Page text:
The Chancellor George Osborne dismissed the idea that there would be no new nuclear power stations built under the current government.
In his speech to the Conservative Party conference he said: “Should we, the country that built the first civil nuclear power station, say: ‘we are never going to build any more – leave it to others?’ Not on my watch.”
Building of the next nuclear power station has been beset by delays as the government and energy firm EDF negotiate a guaranteed price for the electricity it produces.
Mr Osborne also said the country “absolutely should not” turn its back on shale gas.
He also gave his backing to HS2 saying “we will complete this great work of engineering in the best tradition of our country”.
He also said there were people “in the richest parts of London” who opposed Help to Buy by referring to falling house prices and working couples living with their parents in a series of Lancashire towns.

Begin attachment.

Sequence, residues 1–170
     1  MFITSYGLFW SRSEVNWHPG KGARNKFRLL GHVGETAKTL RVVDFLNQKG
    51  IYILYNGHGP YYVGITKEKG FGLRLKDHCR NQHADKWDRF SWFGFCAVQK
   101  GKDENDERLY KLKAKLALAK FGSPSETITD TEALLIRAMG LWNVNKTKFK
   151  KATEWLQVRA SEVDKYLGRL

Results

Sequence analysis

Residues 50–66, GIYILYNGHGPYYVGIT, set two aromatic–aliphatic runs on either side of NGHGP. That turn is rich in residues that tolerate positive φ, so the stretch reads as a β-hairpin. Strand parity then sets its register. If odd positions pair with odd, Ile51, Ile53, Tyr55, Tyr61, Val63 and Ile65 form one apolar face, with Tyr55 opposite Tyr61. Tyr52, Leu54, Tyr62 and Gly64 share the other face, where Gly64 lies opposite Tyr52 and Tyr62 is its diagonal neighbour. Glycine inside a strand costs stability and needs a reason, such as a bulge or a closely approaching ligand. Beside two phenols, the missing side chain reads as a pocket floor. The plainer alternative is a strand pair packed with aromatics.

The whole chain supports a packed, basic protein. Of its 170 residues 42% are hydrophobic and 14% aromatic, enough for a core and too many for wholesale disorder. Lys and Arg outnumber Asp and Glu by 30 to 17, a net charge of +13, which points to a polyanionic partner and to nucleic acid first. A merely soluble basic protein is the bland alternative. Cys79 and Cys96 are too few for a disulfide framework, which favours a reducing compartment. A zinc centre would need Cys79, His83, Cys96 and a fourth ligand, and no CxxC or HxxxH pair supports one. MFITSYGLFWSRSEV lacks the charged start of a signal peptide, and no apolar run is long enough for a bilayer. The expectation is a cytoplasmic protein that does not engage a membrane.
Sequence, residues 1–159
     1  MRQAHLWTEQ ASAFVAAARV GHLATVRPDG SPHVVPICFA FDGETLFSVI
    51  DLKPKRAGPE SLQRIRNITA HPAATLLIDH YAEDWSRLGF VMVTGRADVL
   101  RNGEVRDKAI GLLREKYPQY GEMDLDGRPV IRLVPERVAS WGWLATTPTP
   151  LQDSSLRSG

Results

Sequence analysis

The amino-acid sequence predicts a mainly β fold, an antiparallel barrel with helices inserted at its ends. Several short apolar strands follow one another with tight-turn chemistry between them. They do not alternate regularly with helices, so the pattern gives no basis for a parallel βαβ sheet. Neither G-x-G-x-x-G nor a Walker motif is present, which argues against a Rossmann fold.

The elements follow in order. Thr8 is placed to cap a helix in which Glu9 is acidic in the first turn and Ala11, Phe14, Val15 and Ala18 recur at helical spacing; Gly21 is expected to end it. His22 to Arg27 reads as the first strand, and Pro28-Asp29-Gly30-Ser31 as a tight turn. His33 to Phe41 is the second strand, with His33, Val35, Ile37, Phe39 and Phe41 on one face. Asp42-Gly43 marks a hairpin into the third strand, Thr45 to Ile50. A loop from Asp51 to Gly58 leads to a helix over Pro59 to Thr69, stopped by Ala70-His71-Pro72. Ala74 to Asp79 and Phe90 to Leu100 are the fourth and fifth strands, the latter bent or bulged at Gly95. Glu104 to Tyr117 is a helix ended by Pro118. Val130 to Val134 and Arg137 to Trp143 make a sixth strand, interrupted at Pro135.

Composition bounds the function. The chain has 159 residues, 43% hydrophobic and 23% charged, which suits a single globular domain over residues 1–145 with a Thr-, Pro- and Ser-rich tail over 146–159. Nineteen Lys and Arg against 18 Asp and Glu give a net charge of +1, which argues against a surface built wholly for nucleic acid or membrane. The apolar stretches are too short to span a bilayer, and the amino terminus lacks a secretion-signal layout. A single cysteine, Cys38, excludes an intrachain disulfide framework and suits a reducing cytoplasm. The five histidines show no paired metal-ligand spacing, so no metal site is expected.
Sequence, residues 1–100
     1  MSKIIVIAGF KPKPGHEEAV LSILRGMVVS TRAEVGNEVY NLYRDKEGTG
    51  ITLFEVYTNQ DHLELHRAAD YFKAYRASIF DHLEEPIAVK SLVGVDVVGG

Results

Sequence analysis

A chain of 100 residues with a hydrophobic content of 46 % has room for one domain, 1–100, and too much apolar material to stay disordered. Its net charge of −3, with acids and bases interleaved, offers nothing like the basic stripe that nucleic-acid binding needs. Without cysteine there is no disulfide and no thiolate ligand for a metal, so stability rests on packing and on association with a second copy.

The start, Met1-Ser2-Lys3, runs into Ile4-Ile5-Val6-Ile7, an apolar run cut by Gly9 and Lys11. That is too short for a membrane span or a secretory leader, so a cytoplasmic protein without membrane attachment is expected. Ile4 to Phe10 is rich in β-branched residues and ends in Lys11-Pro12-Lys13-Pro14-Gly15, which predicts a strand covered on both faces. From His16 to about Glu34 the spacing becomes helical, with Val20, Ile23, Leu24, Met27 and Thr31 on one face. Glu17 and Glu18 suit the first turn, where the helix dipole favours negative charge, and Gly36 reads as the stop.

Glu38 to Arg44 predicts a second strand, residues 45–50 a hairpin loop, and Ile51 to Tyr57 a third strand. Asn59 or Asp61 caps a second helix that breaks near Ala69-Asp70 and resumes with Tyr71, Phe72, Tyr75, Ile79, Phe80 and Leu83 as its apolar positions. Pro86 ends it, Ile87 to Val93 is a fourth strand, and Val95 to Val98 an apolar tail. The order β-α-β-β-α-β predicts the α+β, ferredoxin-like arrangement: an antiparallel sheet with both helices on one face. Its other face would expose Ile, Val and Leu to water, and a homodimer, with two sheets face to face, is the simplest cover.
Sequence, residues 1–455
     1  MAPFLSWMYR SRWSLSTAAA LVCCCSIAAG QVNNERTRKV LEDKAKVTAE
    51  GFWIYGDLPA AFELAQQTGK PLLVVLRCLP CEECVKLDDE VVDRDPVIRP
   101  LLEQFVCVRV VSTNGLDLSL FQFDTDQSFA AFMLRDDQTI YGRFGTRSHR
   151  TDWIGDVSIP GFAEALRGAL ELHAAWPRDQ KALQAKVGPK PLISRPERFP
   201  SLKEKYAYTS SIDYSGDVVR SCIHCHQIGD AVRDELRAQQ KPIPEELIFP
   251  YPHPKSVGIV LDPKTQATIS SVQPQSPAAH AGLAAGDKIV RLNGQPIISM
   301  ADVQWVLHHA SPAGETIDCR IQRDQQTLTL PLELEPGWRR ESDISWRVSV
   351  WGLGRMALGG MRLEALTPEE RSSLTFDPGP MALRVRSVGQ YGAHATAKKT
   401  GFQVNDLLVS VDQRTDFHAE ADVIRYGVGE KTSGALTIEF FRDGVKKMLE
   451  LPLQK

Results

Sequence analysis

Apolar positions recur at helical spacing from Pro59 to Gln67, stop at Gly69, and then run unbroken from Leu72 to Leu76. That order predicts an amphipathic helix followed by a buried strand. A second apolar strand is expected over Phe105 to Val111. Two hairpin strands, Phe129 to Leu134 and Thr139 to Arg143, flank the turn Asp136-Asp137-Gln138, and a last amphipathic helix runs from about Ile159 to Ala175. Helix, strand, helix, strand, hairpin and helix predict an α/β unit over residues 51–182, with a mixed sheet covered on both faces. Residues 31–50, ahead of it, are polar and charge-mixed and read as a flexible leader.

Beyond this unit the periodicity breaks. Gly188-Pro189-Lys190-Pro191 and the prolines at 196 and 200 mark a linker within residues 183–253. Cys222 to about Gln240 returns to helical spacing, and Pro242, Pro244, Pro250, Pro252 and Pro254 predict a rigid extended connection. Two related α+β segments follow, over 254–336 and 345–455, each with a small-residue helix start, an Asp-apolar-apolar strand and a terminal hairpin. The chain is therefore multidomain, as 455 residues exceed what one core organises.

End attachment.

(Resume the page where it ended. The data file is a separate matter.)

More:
Transport secretary Patrick McLoughlin lent his support to High Speed 2 once again. He pledged to “squeeze every penny of economic benefit out of the line and cut down on costs”.
Climate change minister Greg Barker also supported fracking, following a visit last week to a shale gas site in Pennsylvania, saying: “Globally, a shift from coal to gas could have a significant positive impact in the fight against dangerous climate change. Here in the UK it offers greater energy security and the potential to drive our economy forward.”
Defence secretary Philip Hammond announced a £200m Help to Buy scheme for armed forces personnel offering interest free loans worth up to half of salaries for first time buyers to use as a deposit on a home.